The National Gallery of Jamaica’s (NGJ) virtual ‘Last Sundays’ continues on September 27 with an exhibition, titled ‘Jamaica, Jamaica: How Jamaican Music conquered the World’.
The online event will begin at 1:30 p.m. and will feature performances by musical artiste and student of the Edna Manley College of the Visual and Performing Arts, Victoria “Tori Love” Taffe.
The public can view the event on the Gallery’s YouTube channel and Instagram page.
The ‘Jamaica, Jamaica’ exhibition was initially launched on February 2 for Reggae Month and is in collaboration with La Philharmonie de Paris.
Chief Curator, NGJ, O’Neil Lawrence, told JIS News that the exhibition will highlight the development of Jamaica’s rich musical heritage from the period of enslavement to the present.
“It will show how music was used as a form of resistance, through to its development from religious aspects to our secular forms and how music plays a role in our independence and development of major studios in Jamaica,” he said.
He noted that the virtual pre-recorded event is one way of reconnecting with visitors to the Gallery in a different format.
“We want to keep in touch with them because [Last Sundays] has been something that has been a mainstay to a lot of people,” he said.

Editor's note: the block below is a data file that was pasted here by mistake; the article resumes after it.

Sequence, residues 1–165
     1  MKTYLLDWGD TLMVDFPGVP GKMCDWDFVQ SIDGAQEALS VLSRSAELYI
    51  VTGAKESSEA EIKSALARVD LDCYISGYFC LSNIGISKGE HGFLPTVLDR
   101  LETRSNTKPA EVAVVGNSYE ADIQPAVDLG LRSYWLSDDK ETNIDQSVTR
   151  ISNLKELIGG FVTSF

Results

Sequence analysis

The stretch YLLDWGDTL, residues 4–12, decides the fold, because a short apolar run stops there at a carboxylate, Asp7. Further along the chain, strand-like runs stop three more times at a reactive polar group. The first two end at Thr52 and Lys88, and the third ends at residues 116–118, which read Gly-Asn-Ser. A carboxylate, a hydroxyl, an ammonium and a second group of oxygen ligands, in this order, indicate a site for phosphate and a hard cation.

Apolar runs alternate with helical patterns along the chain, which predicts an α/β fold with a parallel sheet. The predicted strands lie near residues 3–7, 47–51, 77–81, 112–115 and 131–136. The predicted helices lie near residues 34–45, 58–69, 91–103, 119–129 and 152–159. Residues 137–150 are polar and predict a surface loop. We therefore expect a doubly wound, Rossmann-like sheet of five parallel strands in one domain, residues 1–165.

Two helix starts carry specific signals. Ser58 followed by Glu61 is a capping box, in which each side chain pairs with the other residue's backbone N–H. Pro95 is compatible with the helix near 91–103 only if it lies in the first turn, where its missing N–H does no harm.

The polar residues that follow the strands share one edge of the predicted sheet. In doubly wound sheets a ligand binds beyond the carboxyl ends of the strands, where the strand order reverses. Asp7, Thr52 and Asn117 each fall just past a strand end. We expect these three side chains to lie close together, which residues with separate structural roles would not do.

Mr. Lawrence is encouraging persons to log on to view the online event.
“It’s a way to break the tedium, we hope, of being stuck at home, to see something interesting and to see something that you haven’t seen as yet. We’re going to be doing this every month until we can see people again in person,” he noted.
Last Sundays was started as a live concert event at the Gallery’s downtown Kingston headquarters on the last Sunday of each month, featuring different aspects of the performing arts, including dance, theatrical performances and emerging artistes.
The virtual staging of the event began in April in response to the social distancing measures implemented by the Government to contain the spread of the coronavirus (COVID-19) pandemic.
Meanwhile, Mr. Lawrence is inviting members of the public to subscribe to the Gallery’s Instagram and YouTube channels in order to get notifications of future educational and entertaining events.
“Our YouTube channel, of course, is not just for Last Sundays; it is also for educational productions of the National Gallery,” he noted.